Cultural Anthropology, an introductory course
Study of peoples and their cultures
"It is imperative that I learn the differences in these different sub-cultures if I am
to effectively reach them with the gospel." -- Donald S., Northwest Nazarene University
What is cultural anthropology?
Cultural anthropology is the study of the people groups and cultures of our world. It can
provide tools for more effective intercultural communications as well as give us a mirror through
which to see ourselves more clearly. One key assumption of those who study cultural
anthropology is that we absorb cultural concepts most effectively through exposure to
ethnographic description as well as actual fieldwork.
A course in cultural anthropology will help people:
- Explore the nature and components of human culture.
- Discover the diversity of peoples, places and cultures that make up the global village that we
call Plant Earth
- Learn about their own culture by studying other cultures.
- Evaluate theories that anthropologists have developed about the whys and hows of human
behavior, including how and why cultures evolve
Of what practical use is cultural anthropology?
Well, it can help you acquire or hone some basic research skills such as observation and
interviewing. Through the study of other cultures, we can better understand our own culture.
Then, cultural anthropology can help us to understand our own individual behavior and thereby
help us gain insight into how to exert influence over our future.
Syllabi (in PDF format)
"I looked and there before me was a great multitude that no one could count, from
every nation, tribe, people and language, standing before the throne and in front of the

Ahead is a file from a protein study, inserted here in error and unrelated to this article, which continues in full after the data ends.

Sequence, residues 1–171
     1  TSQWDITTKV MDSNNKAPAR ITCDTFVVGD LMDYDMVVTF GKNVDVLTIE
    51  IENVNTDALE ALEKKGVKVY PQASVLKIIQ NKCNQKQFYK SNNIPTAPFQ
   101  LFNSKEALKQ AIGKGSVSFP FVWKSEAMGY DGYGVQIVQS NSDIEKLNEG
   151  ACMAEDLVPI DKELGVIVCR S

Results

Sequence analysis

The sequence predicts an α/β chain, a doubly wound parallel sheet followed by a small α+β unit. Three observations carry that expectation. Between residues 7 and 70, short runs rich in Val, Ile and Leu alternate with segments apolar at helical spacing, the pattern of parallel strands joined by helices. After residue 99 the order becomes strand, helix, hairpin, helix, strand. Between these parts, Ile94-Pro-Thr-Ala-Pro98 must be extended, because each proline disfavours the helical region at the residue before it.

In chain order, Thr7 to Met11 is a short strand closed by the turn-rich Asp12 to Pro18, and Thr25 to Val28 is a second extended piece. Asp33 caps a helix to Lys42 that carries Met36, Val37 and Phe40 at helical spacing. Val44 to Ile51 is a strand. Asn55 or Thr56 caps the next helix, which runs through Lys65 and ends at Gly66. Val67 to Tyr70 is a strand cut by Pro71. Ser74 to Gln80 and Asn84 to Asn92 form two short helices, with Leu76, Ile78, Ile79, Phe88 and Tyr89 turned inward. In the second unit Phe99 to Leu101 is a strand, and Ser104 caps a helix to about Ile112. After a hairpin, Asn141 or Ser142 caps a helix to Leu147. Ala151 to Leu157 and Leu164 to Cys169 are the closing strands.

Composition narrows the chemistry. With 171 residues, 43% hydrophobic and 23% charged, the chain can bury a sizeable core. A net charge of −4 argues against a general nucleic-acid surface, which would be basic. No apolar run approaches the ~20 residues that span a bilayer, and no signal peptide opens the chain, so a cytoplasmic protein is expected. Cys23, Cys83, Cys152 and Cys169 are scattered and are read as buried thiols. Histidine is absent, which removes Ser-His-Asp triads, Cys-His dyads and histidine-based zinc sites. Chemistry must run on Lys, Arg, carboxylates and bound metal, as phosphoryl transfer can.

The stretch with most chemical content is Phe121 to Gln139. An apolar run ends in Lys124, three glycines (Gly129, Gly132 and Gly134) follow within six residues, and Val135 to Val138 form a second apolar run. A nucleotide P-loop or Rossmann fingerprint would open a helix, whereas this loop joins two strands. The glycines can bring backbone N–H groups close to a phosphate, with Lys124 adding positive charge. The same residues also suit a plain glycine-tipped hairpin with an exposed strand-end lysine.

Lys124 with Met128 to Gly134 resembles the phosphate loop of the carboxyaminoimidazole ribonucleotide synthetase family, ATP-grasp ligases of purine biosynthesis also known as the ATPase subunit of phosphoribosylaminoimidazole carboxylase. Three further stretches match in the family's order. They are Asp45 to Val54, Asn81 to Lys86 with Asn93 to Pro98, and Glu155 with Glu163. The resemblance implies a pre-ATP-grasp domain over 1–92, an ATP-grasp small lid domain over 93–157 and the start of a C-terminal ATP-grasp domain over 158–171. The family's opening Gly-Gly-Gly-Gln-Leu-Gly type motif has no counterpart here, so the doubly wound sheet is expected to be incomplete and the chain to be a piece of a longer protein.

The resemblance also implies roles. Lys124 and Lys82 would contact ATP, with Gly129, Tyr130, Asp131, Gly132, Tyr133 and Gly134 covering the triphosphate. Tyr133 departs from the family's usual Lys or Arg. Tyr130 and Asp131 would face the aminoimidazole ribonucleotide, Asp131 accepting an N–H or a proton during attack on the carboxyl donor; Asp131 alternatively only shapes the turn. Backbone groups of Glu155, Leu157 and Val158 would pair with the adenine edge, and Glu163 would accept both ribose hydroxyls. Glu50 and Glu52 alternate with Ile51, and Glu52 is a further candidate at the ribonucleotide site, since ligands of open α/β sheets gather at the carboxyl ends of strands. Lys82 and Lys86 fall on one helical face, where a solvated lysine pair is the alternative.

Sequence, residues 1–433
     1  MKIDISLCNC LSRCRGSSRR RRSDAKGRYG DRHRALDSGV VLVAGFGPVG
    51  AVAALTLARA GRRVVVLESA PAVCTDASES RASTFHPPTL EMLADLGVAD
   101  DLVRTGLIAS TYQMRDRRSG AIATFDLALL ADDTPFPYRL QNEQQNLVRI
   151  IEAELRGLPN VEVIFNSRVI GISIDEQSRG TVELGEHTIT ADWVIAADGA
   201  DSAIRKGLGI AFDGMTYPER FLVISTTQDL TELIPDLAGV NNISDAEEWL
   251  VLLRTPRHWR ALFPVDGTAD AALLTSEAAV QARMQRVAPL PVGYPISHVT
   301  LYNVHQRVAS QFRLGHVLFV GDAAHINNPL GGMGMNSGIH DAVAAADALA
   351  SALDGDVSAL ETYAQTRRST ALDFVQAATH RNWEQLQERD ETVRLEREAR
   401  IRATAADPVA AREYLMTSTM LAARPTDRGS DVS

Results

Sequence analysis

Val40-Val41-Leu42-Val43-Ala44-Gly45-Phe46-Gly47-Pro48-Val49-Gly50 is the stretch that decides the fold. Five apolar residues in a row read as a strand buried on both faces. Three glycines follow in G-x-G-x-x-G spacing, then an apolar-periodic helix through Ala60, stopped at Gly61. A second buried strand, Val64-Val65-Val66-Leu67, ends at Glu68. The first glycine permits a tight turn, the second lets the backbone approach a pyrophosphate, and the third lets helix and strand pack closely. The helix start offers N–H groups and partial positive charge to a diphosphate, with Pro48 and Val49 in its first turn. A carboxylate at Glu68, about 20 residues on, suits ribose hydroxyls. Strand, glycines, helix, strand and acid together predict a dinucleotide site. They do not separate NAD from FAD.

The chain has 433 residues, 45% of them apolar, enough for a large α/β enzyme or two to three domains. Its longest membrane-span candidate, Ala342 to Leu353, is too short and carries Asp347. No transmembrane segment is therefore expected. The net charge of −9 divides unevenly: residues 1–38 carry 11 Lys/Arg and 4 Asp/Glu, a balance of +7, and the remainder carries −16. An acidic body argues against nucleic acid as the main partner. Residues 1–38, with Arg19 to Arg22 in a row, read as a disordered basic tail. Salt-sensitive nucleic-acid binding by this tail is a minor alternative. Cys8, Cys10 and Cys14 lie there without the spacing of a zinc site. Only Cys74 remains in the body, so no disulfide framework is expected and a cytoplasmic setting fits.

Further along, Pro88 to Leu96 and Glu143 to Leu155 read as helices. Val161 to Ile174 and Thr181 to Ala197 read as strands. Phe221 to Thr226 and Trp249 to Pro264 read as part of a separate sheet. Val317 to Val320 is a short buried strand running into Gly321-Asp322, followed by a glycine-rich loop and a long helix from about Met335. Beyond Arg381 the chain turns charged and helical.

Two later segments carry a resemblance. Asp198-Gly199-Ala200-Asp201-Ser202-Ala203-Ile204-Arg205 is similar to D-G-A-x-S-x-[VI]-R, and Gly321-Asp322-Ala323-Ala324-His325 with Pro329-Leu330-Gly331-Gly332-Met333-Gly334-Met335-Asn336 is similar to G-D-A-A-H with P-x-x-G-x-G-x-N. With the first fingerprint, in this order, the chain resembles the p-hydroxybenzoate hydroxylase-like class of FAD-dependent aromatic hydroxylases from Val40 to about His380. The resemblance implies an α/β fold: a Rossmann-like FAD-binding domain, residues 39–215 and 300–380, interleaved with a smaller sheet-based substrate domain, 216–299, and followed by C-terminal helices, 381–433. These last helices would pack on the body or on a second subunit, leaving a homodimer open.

Lamb" -- Revelation 7:9
This course will use a variety of learning resources, including videos and case studies.
"The musical "Fiddler on the Roof" made much more sense after reading chapter 7 of
our cultural anthropology textbook." — Professional Studies student
Open Educational Resources
This page and the resources linked from it are Open Educational Resources (OER)
Cultural Anthropology FAQs (Frequently Asked Questions)
- What's the difference between anthropology and ethnology?
Anthropology is the study of the origin, culture and development
of human beings. It has several branches, including cultural anthropology. Ethnology is a branch
of cultural anthropology. Ethnology deals with the origins and characteristics of individual
ethnic groups with a focus on factors influencing cultural growth and change.
So, an anthropologist who decides to spend an entire career on an in-depth study of a tribal group
in the Amazon rain forest is, in effect, narrowing himself/herself to being an ethnographer. A
Bible translator who spends two decades learning a language, developing or inventing a writing
system for it, and eventually producing a New Testament in that language is a type of
ethnographer. On the other hand, cultural anthropologist hired by the Bureau of Indian Affairs
would not be considered ethnographers since they will be dealing with a wide range of tribal